Acclaimed National Geographic photographer Catherine Karnow will present her lecture “The Art of Photographing People” on February 5 at The Image Flow, and a workshop in March. Known for her photographs of people, here, she discusses her teaching style, her existential search for “home,” and what drives her to keep on shooting.
“No matter whether I’m shooting on location or in a workshop, I have the faith that the magic will always happen,” she says.

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Rudi Dundas Lecture: The Face of Water

Thursday, February 26, 2015, from 7–8PM Free Rudi Dundas’s work is focused on social change and environmental issues. She has traveled on horseback into the Tien Shan Mountains in Central Asia to photograph wild tulips for Michael Pollan’s film, Botany of Desire, as well as to Rwanda, Ethiopia, and Indonesia to cover sustainable farming for Peet’s Coffee, the United States Agency for International Development (USAID), and Technoserve. Rudi has also photographed extensively in East Africa and India for Blue Planet Network’s drinking water issues. She will give a free lecture, “The Face of Water,” Thursday, February 26 at The Image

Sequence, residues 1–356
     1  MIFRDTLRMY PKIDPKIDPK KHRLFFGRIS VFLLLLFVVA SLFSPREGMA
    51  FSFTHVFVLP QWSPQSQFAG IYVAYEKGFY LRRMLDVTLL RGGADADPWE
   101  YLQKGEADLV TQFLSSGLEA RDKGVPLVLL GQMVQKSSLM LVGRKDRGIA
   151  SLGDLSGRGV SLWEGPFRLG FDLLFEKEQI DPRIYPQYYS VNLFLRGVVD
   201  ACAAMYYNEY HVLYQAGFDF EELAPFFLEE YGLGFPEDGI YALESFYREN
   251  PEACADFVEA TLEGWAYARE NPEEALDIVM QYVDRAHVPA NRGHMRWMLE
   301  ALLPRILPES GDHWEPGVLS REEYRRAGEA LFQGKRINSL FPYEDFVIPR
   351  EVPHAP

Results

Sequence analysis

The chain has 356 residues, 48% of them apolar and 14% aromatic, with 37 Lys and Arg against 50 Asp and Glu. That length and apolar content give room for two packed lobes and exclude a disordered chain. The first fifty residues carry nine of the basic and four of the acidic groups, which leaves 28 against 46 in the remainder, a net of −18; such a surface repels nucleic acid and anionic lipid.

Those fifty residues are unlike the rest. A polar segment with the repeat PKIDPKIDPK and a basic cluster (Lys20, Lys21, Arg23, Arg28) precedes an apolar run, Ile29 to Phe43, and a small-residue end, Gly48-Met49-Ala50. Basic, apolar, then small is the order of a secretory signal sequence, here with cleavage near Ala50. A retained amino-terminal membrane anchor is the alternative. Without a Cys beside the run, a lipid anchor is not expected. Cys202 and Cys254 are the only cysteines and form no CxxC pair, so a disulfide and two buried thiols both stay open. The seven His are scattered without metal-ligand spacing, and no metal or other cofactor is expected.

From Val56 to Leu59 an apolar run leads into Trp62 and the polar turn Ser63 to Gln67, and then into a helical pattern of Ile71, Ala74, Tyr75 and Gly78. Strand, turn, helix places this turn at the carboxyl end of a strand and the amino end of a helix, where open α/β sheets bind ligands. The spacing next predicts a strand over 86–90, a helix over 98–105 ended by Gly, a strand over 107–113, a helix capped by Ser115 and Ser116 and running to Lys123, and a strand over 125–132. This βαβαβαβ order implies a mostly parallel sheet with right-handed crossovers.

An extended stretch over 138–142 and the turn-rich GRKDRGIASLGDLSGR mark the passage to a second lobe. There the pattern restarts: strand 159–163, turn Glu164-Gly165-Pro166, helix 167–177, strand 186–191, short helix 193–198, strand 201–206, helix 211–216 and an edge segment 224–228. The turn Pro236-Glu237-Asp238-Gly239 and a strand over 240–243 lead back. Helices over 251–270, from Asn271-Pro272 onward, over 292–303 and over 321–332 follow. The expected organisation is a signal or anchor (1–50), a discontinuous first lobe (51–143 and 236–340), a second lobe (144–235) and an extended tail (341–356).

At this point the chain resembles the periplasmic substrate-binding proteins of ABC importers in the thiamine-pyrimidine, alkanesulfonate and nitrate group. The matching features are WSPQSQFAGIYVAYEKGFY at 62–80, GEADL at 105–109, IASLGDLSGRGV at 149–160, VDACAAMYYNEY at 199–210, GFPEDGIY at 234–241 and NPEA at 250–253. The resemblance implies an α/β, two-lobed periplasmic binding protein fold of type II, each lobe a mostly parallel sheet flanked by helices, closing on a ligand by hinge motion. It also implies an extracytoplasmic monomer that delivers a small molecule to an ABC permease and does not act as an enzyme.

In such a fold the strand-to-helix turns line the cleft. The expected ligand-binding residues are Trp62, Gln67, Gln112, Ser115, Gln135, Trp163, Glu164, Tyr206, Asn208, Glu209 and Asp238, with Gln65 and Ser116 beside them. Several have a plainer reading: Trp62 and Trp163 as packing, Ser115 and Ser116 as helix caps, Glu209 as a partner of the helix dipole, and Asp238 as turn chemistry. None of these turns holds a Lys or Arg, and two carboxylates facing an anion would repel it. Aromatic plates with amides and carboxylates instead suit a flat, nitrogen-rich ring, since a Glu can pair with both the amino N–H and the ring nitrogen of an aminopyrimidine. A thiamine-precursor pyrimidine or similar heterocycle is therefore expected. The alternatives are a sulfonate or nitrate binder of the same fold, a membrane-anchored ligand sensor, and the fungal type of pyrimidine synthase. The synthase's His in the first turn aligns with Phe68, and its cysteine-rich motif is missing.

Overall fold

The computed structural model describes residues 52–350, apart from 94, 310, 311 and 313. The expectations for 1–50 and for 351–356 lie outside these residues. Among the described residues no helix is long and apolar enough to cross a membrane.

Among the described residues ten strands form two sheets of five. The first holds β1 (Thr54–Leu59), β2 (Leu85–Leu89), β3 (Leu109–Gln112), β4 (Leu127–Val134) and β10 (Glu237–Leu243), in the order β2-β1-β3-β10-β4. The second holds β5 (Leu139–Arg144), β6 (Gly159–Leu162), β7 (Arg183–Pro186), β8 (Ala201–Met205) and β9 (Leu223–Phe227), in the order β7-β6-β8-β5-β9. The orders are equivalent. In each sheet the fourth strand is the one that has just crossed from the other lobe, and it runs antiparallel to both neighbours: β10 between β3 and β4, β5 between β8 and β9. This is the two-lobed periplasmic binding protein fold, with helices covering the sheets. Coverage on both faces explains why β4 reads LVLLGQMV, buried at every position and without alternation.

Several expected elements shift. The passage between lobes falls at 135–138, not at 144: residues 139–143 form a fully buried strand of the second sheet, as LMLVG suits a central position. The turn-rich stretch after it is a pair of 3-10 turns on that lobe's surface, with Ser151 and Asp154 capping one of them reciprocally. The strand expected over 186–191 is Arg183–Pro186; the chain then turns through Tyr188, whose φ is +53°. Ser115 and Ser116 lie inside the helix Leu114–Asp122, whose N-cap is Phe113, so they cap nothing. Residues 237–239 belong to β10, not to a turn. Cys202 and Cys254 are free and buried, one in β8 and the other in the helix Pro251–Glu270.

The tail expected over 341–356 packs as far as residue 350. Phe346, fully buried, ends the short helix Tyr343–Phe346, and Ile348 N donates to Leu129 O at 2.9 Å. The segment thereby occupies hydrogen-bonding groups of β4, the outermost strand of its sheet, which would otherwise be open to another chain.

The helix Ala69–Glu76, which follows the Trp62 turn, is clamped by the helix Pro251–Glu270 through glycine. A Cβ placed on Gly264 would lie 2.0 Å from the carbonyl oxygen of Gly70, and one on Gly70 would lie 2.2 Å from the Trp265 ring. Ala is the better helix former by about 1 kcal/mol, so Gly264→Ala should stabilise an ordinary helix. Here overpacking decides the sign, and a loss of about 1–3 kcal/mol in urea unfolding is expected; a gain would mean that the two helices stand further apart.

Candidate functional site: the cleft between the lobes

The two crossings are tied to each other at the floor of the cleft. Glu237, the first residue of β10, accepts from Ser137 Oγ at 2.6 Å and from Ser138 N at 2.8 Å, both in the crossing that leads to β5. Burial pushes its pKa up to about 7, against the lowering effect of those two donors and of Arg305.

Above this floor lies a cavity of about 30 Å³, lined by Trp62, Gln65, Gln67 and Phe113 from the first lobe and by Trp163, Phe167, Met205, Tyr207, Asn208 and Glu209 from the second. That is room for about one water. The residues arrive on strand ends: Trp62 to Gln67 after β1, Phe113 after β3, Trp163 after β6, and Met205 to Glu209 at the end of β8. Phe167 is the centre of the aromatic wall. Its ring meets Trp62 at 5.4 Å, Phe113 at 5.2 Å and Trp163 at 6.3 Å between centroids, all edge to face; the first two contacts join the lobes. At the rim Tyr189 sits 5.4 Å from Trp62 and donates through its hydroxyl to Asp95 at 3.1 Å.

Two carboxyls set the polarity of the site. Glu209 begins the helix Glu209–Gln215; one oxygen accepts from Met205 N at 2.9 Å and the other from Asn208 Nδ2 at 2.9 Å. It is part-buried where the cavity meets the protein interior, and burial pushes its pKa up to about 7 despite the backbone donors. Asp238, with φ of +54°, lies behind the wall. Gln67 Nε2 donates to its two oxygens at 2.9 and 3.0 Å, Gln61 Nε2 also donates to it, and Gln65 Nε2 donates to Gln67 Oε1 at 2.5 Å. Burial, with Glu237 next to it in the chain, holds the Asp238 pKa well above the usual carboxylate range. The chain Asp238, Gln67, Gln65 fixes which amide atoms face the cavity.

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Larry Davidson Burnt Door Digital Printing

Slide Film & Digital Printing: The Evolution of a Process

Larry Davidson Burnt Door Digital Printing
You could say that Larry Davidson “discovered” photography as a young boy helping out his commercial photographer father. “I worked in his lab, and there was always a camera around the house when I was growing up,” Larry said.